Wm. Daily & Co.
C ommission Mer cbants
Cattle, Hogs, Sheep,
CASH ADVANCES ON CONSIGN
MENTS. ROOM 34, Exchange Building, Un
ion Stock Yards, South Omaha.
References: A6k your Bankers. L18tf
J.C. McBride. H.S.Bell.
McBRIDE & BELL,
Pt'ea-l Estate ,
Loan and Insurance
Office 107 South 11th Street.
LINCOLN, - - NEBRASKA.
Agents for M. K. & Trust Co. Houses built
on ten years' time. Debt cancelled in case of
death. Anything to trade let us know of it.
Dry Goods, Notions,
Boots, Shoes, Hats,
921 0 STREET, -
Opposite Post Office.
EXPOSITION DIME HALL,
iiai N Street.
LINCOLN, - - - NEBRASKA.
S. J. OIDEXjXj, Prop'r
Mr. Odell has newly repaired, refitted and
steam-heated his Dining Hall, and is able
to give better accommodations than any
dining hall in Lincoln. Visitors to the city
will find this a very convenient place to stop.
MEALS 25 CENTS.
"Dehorn Your Calves."
The only SURE LIQIUD
DEHOKNEll. Makes no
ore. Hont, cold or flies-
do not affect It. Five dol
lars for any bottle that
fails if used as directed
on the bottle. Price by
mail postpaid 60 Cts.
Send stamp for llaaff's
New Free Book "Horns
and Spavins." Address,
IIAAFF, Chicago, Illinois.
ELK HOK M
VAl.t.KY HKKD OF FANCY PO
LAND CHINA and
Swine. Ajpo Ply
mouth Rock Poultry
My 6tock is of the
fine premium show anim als in my herd.
. Write for catalogue. L. H. 8UTEK. Prop.
6m51 Neligjk. Nebraska
CIGARS FOR ALLIANCES.
The product of organized, working Cig'
makers.0 Buy from us and ou will get roc.
bottom factory prices. 300 cigars consisting
of 12 district brands, ranging in price from
f 13 to -'iu per thousand, forwarded upon re
ceipt of fii.UO. Remit by P. O. or Expires
Money Order, Registered Letter, Bank Check
or Draft. For agencies, terms. &c, address
W. E. KRUM & CO. Cor. tfth aud Dougla eta,
6m39 Rpuding. Pa.
PA Y RETAIL FRIGES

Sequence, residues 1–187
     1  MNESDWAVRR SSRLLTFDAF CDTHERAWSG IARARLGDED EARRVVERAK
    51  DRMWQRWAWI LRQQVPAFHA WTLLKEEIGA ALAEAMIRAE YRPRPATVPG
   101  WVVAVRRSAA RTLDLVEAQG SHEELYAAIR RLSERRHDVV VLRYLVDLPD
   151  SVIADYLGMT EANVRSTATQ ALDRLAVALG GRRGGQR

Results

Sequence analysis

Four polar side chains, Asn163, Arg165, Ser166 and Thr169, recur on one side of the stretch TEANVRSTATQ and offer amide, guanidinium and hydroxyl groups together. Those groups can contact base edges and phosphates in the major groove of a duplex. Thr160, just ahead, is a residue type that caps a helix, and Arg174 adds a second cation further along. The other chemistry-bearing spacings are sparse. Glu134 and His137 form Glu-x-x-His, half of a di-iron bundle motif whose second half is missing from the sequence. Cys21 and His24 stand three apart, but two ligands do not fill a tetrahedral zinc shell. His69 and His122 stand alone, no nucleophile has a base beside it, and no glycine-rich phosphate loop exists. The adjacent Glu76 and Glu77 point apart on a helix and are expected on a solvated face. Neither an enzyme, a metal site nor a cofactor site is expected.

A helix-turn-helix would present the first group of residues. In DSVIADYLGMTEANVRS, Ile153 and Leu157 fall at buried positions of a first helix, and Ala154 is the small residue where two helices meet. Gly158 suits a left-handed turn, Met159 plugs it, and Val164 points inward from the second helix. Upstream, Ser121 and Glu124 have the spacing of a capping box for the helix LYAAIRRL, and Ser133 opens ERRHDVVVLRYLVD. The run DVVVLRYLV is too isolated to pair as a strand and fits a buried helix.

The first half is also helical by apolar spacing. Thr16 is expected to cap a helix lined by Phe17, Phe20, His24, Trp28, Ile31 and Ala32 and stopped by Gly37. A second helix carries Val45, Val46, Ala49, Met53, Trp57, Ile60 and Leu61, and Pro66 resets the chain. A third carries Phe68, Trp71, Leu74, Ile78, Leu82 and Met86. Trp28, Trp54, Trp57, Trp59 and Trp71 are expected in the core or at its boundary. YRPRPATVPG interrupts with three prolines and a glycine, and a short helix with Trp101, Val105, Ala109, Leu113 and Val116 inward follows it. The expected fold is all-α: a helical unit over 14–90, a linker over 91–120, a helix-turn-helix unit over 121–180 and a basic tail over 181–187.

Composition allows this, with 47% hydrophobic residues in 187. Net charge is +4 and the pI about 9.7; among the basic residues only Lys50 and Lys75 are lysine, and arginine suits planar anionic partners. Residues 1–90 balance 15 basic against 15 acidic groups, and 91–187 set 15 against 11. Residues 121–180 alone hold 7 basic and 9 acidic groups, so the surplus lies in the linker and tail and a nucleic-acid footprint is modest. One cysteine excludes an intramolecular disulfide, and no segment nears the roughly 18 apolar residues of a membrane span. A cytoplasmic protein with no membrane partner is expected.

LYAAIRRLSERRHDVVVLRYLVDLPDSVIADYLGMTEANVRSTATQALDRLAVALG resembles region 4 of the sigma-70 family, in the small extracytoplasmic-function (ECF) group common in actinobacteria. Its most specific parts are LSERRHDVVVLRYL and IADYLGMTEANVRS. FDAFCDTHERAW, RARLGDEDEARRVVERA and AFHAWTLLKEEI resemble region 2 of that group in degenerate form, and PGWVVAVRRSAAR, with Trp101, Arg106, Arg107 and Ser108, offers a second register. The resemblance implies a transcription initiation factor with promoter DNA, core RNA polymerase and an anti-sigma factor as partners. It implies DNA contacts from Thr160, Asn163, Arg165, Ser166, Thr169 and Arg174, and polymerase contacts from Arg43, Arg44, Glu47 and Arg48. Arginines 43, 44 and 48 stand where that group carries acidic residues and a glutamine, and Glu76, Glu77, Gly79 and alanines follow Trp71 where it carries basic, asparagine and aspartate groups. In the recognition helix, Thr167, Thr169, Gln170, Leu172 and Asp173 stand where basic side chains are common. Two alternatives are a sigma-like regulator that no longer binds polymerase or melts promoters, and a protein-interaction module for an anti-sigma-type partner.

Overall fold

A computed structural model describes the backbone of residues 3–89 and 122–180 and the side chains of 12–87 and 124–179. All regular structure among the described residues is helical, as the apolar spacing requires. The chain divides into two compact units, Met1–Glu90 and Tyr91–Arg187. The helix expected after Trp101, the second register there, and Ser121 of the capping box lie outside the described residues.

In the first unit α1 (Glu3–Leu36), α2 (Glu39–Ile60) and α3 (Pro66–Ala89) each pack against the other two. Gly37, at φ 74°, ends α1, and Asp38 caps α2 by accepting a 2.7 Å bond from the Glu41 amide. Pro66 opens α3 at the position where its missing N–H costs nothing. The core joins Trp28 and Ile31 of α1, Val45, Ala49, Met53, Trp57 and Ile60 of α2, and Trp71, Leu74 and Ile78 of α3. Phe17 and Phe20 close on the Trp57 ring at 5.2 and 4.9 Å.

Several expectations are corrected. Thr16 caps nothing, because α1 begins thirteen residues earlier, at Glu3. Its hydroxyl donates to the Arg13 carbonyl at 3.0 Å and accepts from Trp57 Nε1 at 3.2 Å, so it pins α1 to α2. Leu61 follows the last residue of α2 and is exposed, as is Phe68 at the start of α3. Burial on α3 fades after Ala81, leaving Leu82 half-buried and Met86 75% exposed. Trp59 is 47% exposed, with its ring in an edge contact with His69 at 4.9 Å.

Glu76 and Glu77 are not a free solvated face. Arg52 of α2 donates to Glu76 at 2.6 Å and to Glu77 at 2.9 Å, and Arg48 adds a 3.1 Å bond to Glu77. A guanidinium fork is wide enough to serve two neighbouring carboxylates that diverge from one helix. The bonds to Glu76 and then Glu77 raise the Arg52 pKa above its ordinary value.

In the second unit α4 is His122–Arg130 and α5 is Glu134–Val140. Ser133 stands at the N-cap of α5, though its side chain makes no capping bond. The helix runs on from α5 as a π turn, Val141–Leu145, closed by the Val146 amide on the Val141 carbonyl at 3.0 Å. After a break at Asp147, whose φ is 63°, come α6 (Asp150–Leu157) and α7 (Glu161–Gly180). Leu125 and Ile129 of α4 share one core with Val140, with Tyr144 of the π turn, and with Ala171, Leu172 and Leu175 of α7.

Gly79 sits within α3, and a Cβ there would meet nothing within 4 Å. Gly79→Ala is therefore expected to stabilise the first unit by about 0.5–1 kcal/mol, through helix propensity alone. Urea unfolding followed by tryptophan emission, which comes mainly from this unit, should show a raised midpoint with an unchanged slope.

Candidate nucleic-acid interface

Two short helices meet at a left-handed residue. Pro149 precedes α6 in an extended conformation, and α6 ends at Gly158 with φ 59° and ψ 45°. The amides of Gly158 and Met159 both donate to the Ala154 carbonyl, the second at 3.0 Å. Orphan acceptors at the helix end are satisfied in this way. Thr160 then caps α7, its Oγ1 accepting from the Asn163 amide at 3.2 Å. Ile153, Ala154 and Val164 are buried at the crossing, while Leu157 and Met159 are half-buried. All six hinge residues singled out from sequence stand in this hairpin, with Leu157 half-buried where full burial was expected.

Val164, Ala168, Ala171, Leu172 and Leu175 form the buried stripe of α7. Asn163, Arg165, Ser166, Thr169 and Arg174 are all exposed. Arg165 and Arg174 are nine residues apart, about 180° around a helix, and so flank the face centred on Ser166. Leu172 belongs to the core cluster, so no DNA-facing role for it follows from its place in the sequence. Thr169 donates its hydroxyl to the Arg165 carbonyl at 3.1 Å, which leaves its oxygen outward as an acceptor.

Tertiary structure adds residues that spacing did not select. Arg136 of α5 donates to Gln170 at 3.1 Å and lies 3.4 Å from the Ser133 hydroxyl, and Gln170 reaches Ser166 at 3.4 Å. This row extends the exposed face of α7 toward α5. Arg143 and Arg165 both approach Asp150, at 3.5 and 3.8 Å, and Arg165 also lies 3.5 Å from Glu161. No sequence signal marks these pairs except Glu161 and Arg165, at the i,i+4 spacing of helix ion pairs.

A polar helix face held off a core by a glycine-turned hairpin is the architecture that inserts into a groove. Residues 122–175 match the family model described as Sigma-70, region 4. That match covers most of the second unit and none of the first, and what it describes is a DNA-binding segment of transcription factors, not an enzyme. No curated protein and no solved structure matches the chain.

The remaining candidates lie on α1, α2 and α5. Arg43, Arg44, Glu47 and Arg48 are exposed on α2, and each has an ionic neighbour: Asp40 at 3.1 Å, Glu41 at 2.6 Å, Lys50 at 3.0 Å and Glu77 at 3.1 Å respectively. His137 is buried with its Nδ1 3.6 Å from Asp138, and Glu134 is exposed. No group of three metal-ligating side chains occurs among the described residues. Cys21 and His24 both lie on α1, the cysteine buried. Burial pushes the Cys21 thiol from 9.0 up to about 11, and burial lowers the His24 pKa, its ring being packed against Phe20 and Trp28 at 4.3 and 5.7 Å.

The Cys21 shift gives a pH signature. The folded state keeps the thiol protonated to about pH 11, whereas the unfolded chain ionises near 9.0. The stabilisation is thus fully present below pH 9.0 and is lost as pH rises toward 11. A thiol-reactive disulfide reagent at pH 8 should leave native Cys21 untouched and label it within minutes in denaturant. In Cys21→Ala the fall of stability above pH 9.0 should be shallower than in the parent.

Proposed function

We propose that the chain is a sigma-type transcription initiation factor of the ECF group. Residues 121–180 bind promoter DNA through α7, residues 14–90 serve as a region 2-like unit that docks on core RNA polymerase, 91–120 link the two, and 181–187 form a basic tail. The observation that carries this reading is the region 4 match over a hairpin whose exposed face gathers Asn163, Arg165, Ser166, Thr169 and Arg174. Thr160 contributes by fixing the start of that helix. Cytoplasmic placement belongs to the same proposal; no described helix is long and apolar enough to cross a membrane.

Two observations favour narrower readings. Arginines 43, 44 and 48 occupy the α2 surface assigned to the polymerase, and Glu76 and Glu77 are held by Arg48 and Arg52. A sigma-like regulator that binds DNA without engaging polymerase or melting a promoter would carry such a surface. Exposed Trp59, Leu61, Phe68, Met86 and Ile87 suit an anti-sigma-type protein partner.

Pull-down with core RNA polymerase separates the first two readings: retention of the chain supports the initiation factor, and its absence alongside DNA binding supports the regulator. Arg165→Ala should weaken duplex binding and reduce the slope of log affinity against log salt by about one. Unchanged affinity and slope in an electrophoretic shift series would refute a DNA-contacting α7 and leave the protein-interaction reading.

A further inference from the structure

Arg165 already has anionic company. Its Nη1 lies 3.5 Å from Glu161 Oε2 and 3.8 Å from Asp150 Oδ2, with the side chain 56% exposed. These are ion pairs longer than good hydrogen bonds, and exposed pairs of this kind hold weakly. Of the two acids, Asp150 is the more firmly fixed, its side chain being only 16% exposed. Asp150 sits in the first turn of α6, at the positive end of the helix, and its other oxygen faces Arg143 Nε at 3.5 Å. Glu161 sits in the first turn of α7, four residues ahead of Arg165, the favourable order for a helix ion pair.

WHEN TOU CAN
BUY AT WHOLESALE
EAT, WEAR OR USE.
MfE HA"v5 "NO AGENTS.
VrtUfTisu Catalogue Sent KtU.
H. R. EAGLE & CO.,
Farmers' Wholesale Supply House,
68 WABASH AVE., CHICACO.
- . .
25 Million Nursery
Grown Forest Tree
Nc-stfftnts. Deal direct with ensomera. Bay
oommistion middle-men. Bend for price list.
Also GENERAL NUHSEKY Stock.
ROBERT W. FURNAS,
6m81 Brownville, Nebraska.
W. D. NICHOLS
GENERAL DEALER IN
Hare so.- Fine Bargains in Improved
Lota For Sale In F.very Addition in the City.
OFFICE, 6U5C0O8T8T. TELE. to. VtC
IKntutlk-. J. Uln, t.Y(lvtii(. Arlr-(a,
Vim! Mill., rut. K.m-yploiM'dlii,
riiKRivittw. rjirlh' Ml iwnw
Awriran rll mart.,
t.Tf z-'t St., klmta, HK
S i III Flm HI..
GEO. A. BELL.
c w. Mccor.
8. F. McCOY.
(Successors' to Dell S3 Co.)
Live Stock Go
Room 89 Exchanare nuildinir. Cash Adraneta
references ask your bank.
Union Stock Yards, South Omaha
CHA'S NEIBEART; Proprietor.
618 EAST COURT STREET, N. E. OW
MARBLE AND GRANITE MONUMENTS,
HEAD-STONES. TABLETS, VAULTH.
WO RK OF ALL KINDS. 20tf
Branch Yards, Brownvilleand Rock Port, Mo.
ARTISTIC : PORTRAITS
J. TIIORF & Co.,
Rubber Stamps, Seals,
Stencils, Badges and
Kverv Description. Established 1880.
N. ilth St. LINCOLN. NEii
AKD INSTITUTE OF PEXMASBlUr,
Shorthand, and Typewriting, is the bes. nxu . larrait
College In the Went. 60U StuUenU in ftttrwinncv liwt
year. Students prepared for kuHlness-tn from Hto
months. Exxrieneed faculty. F rwnat liiKtructkm.
lleauriful illuntrau-d cttaloue, coIIck Journals, and
specimens of penmanship, Kent free by wudr afclntf
ULUBIUDOE & ROOSKtlaaoolu. Neb.
Eleventli St. Drnggisls
Dealers in Drujrs, Medicinea, Toilet Arti
cles and DrtifffrJets' Sundries.' All kinds of
Paints, Oils and Colors.
PURE DRUGS. LOW
237 SOUTH, Hth STREET LMW2QLN, NEB.
Two doors north of The-Faraaam-' Allianc).
REAL ESTATE LOANS
On farm sin eastern Nebraska and improved
property in Lincoln for a term of year.
Lowest Current Kates.
R. E. & W. MOORE,
Corner 11th & O Streets. Lincoln.
Refurnished & Refitted.
FIRST CLASS TABLE.
Popular Rates. $1.50 and
$2. 00 per day. NO BAR.
H. C. STOLL,
The Most 1 luproT
ed Mreedsof Poland
White, Small York,
shire and Ktti
Hogs. Satisfaction guaranteed in U taaes,
P. O. Address, BEATRICE, NEII.
an II, . .
lurowi nuu out 01
gear Then Unk ii fall into gear ba
iruer lowen iu utox. tap, Empta,
donfalt and txaitirc fianii fnr Jwnk
tir. Giwiin, Address, p, c. TALLERDAY,
Poplar Grove, UL
m ft McCoy
Powered by Open ONI